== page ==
If you are a visitor to Bordeaux I’m sure you’ve tasted a Clairet. In the UK you might think I’ve made a spelling mistake. Surely I mean Claret? Although the names of these two wines, Clairet and Claret, are historically linked they mean very different things.
Clairet is one of 65 appellations that make up Bordeaux (that’s the official figure in 2016 – it’s a bit of a moveable feast). It is found in the sub group of Bordeaux known as ‘Bordeaux and Bordeaux Supérieur’. This is the real, value for money powerhouse of Bordeaux, that represents about 50% of the region’s production and, as befits its size, a remarkable diversity of styles. Blended from the same red grapes that go into classic Bordeaux blends (Merlot, Cabernet Franc, Cabernet Sauvignon, Petit Verdot, Malbec and Carmenère), these light coloured wines tend to be dominated by Merlot as they come mainly from the cooler clay soils.
What is the difference between a Rosé and a Clairet? Basically the intensity of the colour. This is decided by measuring the quantity of natural pigments in the wine and there are strict levels that differentiate a Rosé from a Clairet and a Red wine to qualify for these three Bordeaux appellations.
In Bordeaux we make both Rosé and Clairet wines by the traditional method of leaving the whole grapes to macerate in the juice after a light pressing. No mixing red and white wines here.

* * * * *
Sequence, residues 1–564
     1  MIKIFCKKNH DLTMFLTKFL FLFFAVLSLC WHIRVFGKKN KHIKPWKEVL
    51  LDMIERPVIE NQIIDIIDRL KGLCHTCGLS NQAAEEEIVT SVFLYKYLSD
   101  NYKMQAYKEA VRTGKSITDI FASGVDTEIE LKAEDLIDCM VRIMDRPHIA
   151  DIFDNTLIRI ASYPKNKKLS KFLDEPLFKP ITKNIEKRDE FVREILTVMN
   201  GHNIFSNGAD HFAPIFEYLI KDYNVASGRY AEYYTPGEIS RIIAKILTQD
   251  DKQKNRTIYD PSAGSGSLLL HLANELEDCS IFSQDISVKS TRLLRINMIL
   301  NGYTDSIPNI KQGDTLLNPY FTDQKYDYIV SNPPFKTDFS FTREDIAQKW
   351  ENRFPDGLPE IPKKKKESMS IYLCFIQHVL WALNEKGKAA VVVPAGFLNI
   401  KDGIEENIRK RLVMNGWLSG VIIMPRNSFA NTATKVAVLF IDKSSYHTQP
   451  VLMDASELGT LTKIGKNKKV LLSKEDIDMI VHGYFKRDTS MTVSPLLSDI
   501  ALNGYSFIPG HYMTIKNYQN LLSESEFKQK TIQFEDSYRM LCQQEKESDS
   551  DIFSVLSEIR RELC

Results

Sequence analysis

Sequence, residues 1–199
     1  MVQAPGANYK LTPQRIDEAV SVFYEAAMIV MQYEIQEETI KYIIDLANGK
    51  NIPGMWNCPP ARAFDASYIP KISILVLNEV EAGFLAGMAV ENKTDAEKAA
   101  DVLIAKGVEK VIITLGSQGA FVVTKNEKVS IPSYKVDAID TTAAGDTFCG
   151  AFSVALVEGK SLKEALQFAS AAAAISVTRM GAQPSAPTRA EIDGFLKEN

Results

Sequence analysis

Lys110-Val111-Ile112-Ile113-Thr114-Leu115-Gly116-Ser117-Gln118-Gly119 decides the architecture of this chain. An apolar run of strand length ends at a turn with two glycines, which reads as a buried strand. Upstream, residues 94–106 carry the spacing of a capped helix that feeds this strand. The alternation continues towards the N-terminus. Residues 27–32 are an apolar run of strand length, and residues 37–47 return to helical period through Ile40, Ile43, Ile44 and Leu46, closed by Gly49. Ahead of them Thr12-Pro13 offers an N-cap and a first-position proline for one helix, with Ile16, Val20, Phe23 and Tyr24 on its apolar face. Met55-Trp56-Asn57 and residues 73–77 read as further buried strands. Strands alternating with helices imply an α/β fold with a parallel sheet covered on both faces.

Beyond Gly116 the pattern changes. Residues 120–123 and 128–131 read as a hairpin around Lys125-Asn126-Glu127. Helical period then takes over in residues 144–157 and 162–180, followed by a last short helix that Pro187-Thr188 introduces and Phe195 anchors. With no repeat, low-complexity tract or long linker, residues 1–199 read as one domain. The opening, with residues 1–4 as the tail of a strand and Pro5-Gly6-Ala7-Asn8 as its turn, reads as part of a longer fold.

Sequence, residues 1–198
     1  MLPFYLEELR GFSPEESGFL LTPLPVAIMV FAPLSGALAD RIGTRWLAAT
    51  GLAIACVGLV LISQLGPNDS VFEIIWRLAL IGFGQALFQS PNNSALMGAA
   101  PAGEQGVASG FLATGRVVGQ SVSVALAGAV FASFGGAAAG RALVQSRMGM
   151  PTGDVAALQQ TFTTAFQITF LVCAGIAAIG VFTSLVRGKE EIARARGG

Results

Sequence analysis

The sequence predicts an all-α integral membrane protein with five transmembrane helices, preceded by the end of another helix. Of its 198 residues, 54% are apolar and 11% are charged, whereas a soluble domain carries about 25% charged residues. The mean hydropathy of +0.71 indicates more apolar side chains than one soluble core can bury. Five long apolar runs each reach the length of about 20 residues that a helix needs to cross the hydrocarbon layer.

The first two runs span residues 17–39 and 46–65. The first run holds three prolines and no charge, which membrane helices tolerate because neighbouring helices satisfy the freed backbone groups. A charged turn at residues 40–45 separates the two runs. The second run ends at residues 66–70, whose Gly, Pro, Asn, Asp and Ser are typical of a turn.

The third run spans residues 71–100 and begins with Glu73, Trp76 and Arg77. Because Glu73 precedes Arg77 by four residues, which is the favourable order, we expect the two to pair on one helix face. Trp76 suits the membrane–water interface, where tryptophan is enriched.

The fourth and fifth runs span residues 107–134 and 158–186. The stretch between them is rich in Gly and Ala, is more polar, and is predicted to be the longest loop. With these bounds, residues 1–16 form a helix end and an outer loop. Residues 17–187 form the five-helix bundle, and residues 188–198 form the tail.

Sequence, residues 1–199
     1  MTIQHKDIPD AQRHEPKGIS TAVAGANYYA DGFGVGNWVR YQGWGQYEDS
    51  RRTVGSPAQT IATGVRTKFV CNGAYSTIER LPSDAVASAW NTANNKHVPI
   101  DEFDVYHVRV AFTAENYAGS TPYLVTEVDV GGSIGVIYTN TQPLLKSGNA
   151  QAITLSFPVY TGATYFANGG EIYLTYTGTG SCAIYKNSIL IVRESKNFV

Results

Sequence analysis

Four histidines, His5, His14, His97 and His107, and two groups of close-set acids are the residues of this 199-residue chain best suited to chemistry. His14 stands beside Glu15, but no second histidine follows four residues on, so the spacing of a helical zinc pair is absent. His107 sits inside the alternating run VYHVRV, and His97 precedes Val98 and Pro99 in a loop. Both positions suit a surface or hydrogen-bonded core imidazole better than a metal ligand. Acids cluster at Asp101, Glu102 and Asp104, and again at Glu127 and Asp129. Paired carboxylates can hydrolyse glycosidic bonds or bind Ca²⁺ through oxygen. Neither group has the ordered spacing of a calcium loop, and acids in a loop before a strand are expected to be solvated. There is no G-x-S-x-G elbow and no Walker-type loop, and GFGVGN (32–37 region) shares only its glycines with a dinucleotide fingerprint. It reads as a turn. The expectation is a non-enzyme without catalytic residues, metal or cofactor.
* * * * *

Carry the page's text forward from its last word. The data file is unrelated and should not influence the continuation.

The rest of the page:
Skins may stay in contact with the juice for as little as a few hours to make a light pink rosé, with many specialist producers using a continuous press system allowing the wine to stay on the skins for a short time then automatically run off, under airtight conditions. This protects the fresh acid and aromatic delicacy that these wines are known for.
The longer the juice macerates on the skins, the darker the colour of the wine. Too dark and you can legally no longer call your wine Rosé; it will be Clairet. Clairet is a ‘half way house’ between a light red and a rosé. The slightly longer maceration time on the skins ranges from 24-48 hours compared to just a few hours for some Rosés and reds usually macerate for up to 3 or 4 weeks. In hot years with really ripe fruit, it doesn’t take very long for colour to leach from the skins so a beady eye has to be kept on the juice to ensure running off happens at just the time to obtain just the shade of pink the winemaker and his clients are looking for.
The process of bleeding off the wine from the skins is known as ‘saignée’ (French for bleeding). Traditionally, these wines were made in vintages when yields were high, this can result in a weaker red wine, bigger berries means more pulp, more juice and less skin. Running off some of the juice after a couple of days of skin maceration will produce a lovely bright Rosé or Clairet and simultaneously concentrate the remaining must as it increases the proportion of skins to juice, naturally making the red wines more powerful. A great job – two wines for the price of one.